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1st Annual 79th Street Renaissance Festival: Hot times at Inaugural Community Event

7.29.2006: The inaugural Auburn Gresham 79th Street Renaissance Festival on July 29 was a tremendous success. Keeping with the adage of “turning a negative into a positive,” the all-day event filled the vacant lots on both sides of West 79th Street with more than seventy vendors and a ten-restaurant strong “Taste of 79th Street.”

Farmers Market

The beautiful fruit display was just right for a hot day.

Photo: Aum Mu Ra

Listen in as community leaders, business owners and residents young and old talk about Auburn Gresham and its future in this audio slideshow.

Led by the Greater Auburn-Gresham Development Corp. (GADC) along with business members of the 79th Street Special Servica Area #32, the festival used four city-owned lots and the Chicago Park District's Renaissance Park to promote Auburn Gresham as a great place to do business, live, work and play. There was a Kids' Corner, Vendor’s Corner, Taste of 79th St. and Farmer’s Market, plus live entertainment at Renaissance Park.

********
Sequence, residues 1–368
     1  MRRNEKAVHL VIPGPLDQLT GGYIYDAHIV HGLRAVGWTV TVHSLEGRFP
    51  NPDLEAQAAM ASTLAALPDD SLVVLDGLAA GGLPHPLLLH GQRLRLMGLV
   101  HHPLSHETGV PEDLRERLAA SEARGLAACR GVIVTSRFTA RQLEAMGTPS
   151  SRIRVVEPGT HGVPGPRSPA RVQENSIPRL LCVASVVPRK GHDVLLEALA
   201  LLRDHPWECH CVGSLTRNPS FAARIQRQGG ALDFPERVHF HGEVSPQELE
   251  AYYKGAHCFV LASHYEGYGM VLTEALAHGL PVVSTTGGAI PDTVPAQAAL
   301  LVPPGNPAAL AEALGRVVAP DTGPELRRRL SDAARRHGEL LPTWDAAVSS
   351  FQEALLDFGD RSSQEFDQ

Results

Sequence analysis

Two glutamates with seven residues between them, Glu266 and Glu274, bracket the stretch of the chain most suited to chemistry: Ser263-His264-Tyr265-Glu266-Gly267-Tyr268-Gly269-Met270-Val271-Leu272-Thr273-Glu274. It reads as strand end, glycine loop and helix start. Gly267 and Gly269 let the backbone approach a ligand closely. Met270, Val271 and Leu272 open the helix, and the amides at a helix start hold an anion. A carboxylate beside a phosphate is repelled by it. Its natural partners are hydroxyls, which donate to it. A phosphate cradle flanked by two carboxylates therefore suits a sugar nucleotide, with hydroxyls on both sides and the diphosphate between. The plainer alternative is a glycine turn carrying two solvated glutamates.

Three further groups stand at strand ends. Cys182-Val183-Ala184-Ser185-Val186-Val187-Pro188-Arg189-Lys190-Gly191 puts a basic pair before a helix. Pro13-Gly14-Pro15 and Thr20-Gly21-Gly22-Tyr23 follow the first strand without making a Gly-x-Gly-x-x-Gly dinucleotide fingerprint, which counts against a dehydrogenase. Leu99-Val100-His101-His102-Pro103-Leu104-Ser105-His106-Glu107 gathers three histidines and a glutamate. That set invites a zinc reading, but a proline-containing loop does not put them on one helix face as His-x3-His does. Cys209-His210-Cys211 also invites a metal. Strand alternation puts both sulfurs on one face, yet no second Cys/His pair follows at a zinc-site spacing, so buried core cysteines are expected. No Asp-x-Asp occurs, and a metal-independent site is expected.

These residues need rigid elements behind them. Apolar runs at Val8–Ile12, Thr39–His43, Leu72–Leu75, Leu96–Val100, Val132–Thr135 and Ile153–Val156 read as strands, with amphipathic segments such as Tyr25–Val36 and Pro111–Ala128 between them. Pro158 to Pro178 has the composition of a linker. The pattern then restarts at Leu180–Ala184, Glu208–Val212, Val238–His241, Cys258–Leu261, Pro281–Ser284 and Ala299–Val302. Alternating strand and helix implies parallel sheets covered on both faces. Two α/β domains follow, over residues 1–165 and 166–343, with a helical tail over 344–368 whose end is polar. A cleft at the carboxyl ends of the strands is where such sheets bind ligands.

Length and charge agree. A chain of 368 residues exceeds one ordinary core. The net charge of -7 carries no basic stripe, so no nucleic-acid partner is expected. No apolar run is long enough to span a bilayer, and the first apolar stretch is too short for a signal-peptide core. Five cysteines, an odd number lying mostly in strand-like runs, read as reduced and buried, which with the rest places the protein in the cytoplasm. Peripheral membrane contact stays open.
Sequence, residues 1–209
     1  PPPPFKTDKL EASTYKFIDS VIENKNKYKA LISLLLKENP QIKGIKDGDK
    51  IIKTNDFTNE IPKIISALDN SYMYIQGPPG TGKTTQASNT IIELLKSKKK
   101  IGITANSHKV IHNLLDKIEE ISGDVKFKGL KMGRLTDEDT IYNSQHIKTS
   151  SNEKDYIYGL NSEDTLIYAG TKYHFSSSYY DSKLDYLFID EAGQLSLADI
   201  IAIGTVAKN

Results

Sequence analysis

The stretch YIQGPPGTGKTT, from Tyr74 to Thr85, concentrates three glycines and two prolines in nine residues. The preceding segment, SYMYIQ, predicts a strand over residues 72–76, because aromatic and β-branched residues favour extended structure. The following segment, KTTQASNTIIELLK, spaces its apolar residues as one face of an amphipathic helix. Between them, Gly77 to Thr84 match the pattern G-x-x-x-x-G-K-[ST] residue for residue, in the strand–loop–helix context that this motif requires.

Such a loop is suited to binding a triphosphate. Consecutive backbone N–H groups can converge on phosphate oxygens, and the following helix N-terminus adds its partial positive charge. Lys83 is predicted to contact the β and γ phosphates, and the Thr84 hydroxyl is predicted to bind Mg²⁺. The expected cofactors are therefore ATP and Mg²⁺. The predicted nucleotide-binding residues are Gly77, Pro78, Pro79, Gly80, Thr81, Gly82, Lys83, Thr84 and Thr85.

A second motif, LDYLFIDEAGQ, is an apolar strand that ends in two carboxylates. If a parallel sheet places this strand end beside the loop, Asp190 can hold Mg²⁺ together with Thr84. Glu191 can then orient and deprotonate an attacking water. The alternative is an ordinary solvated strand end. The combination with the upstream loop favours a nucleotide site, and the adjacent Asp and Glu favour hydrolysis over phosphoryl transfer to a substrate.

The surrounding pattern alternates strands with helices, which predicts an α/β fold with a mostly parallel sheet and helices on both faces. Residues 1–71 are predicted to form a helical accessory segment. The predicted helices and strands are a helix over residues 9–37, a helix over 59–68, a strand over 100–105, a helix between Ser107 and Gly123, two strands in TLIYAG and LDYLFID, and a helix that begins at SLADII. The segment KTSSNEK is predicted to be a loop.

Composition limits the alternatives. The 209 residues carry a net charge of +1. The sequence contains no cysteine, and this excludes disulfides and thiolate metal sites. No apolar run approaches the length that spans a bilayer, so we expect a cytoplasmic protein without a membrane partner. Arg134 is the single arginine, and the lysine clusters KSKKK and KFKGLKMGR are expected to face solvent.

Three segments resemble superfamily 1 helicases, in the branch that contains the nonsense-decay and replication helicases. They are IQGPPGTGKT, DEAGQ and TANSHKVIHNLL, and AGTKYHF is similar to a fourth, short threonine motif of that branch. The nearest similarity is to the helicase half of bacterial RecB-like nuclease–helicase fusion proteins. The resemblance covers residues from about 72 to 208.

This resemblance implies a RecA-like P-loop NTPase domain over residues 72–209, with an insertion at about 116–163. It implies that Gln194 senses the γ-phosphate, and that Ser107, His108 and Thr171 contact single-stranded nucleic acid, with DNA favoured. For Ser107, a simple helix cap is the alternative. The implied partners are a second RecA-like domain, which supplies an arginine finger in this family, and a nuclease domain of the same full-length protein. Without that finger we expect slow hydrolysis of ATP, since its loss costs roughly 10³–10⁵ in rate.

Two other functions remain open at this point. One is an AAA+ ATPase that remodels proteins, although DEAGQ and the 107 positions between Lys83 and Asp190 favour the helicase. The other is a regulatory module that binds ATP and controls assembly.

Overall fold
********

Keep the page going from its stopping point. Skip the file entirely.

And what live entertainment it was. The stage was hot with the gospel sounds of the St. Sabina Choir followed by the Pleasant Green M.B. Church choir. As the hot and humid day continued, so did the sizzling performances of the Johnny Drummer and the Starlighters Blues Band (regulars at Lee’s Unleaded Blues Lounge on South Chicago Ave.). Johnny Drummer had folks dancin’ to his down home blues, followed by the smooth, rhythmic sounds of Latin jazzman Jose Cornier, whose performance conjured up Carlos Santana comparisons.

Live music

Live blues and jazz kept people moving to the beat.

Photo: Aum Mu Ra

To give the seniors in attendance a break from the heat, more than 150 senior citizens and volunteers were given free lunches in the air-conditioned Elder’s Village community room and GADC volunteers raffled off prizes donated by Walgreen’s. GADC purchased the food for the free, buffet-style lunch from several of the 79th Street restaurants to promote "doing business within our community."